In our experience, almost all organizations approach OpenStack with the following three steps:
An individual, usually a Linux or Cloud Architect, installs OpenStack on a single machine to verify that the software can be deployed without too much effort.
The Architect enlists the help of other team members, typically Network and Storage Architects or Engineers to deploy a multiple-node installation. This will leverage some kind of shared ephemeral or block storage.
A team of Architects or Engineers craft the first deployment of OpenStack which is customized for the organization's use cases or environmental concerns. Professional services from a company such as Red Hat, Mirantis, HP, IBM, Canonical or Rackspace are often engaged at this point in the process.
From here on out, it's off to the races. We'll follow a similar pattern in this book. In this first chapter, we'll start with the first step-the "all-in-one" deployment.
Taking the time to document the very first deployment might seem a bit obsessive, but it provides us with the opportunity to begin iterating on the documentation that is the key to successful OpenStack deployments. We'll start with the following template.
The initial deployment of OpenStack will leverage a single commodity server, a HP DL380.
2 x 10 GB
This deployment provides compute capacity for 60
m1.medium instances or 30
Change the specifications in the table to meet your deployment. It's important to specify the expected capacity in the deployment document. For a basic rule of thumb, just divide the amount of available system memory by the instance memory. We'll talk more about accurately forecasting capacity in a later chapter.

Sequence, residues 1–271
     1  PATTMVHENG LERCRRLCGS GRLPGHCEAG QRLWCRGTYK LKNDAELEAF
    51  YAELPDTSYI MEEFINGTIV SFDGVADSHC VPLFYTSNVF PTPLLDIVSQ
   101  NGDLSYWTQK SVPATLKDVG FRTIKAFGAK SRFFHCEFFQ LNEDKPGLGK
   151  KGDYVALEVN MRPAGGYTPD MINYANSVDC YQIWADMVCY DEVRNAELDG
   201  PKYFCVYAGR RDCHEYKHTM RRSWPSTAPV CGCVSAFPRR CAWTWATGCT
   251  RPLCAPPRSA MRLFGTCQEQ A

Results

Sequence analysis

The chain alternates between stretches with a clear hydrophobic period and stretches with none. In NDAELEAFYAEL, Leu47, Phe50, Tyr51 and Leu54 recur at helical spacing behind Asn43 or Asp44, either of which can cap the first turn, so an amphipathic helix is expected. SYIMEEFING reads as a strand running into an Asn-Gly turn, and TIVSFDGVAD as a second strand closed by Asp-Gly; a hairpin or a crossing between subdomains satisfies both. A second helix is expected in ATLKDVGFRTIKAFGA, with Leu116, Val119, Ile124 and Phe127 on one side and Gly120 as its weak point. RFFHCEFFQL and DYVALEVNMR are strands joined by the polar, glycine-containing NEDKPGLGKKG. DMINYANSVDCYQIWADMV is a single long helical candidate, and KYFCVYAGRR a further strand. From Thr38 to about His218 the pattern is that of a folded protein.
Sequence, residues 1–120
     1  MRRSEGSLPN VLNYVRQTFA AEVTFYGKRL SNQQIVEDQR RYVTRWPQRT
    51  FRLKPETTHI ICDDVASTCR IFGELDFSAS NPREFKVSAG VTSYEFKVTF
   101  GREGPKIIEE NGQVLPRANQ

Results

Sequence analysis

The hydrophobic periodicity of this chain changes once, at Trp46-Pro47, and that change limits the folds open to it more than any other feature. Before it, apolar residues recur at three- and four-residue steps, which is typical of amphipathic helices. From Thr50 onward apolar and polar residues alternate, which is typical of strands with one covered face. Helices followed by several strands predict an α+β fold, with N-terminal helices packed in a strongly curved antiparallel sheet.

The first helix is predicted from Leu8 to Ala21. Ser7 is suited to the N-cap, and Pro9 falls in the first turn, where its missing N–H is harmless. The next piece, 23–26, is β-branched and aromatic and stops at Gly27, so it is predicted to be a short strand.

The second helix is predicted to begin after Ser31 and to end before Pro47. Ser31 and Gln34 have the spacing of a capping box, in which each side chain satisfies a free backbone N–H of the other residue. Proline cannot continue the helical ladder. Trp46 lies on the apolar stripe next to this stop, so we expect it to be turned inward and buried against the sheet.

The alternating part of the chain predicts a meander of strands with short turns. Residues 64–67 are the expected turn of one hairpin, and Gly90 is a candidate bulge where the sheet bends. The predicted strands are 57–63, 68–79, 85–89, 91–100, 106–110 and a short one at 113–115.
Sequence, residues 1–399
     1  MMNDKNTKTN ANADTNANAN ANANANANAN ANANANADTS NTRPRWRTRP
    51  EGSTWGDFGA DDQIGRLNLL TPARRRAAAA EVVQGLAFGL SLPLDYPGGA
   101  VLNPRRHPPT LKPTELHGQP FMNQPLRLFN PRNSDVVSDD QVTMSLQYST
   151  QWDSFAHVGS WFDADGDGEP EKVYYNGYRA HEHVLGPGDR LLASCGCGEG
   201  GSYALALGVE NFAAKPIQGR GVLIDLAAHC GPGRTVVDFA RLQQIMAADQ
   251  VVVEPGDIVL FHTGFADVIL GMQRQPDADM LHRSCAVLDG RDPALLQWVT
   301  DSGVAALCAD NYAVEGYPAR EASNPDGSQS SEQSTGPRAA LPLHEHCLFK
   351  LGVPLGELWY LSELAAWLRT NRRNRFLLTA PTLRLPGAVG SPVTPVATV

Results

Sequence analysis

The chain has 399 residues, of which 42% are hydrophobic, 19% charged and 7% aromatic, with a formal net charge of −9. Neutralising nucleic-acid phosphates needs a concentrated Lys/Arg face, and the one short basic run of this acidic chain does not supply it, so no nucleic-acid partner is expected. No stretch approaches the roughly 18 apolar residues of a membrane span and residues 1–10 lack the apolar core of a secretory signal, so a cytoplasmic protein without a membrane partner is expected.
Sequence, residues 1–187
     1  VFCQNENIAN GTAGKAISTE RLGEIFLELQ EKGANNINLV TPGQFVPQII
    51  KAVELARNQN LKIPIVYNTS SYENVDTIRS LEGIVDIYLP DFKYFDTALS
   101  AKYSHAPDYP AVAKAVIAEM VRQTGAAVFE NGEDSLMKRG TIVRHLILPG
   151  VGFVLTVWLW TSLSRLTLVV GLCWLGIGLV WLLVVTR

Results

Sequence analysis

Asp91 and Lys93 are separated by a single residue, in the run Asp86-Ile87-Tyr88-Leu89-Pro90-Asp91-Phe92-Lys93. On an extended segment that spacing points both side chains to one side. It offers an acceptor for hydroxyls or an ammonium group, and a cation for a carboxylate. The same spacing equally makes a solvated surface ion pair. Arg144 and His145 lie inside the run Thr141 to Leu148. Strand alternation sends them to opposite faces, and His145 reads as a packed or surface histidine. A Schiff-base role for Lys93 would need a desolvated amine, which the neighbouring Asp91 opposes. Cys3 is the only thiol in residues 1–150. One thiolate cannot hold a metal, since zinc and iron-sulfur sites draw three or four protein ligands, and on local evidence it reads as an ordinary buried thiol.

There is one physical provider network in this deployment. SDN is provided in the tenant space by Neutron with the OVS ML2 plugin.
Change the network addresses in this section to meet your deployment. We'll only use a single network interface for the all-in-one installation.
This deployment will use the RDO all-in-one reference architecture. This reference architecture uses a minimum amount of hardware as the basis for a monolithic installation of OpenStack, typically only used for testing or experimentation. For more information on the all-in-one deployment, refer to https://www.rdoproject.org/Quickstart.
For the first deployment, we'll just use the RDO distribution of the box. In later chapters, we'll begin to customize our deployment and we'll add notes to this section to describe where we've diverged from the reference architecture.
The host system will need to meet the following requirements prior to deployment:
Red Hat Enterprise Linux 7 (or CentOS 7)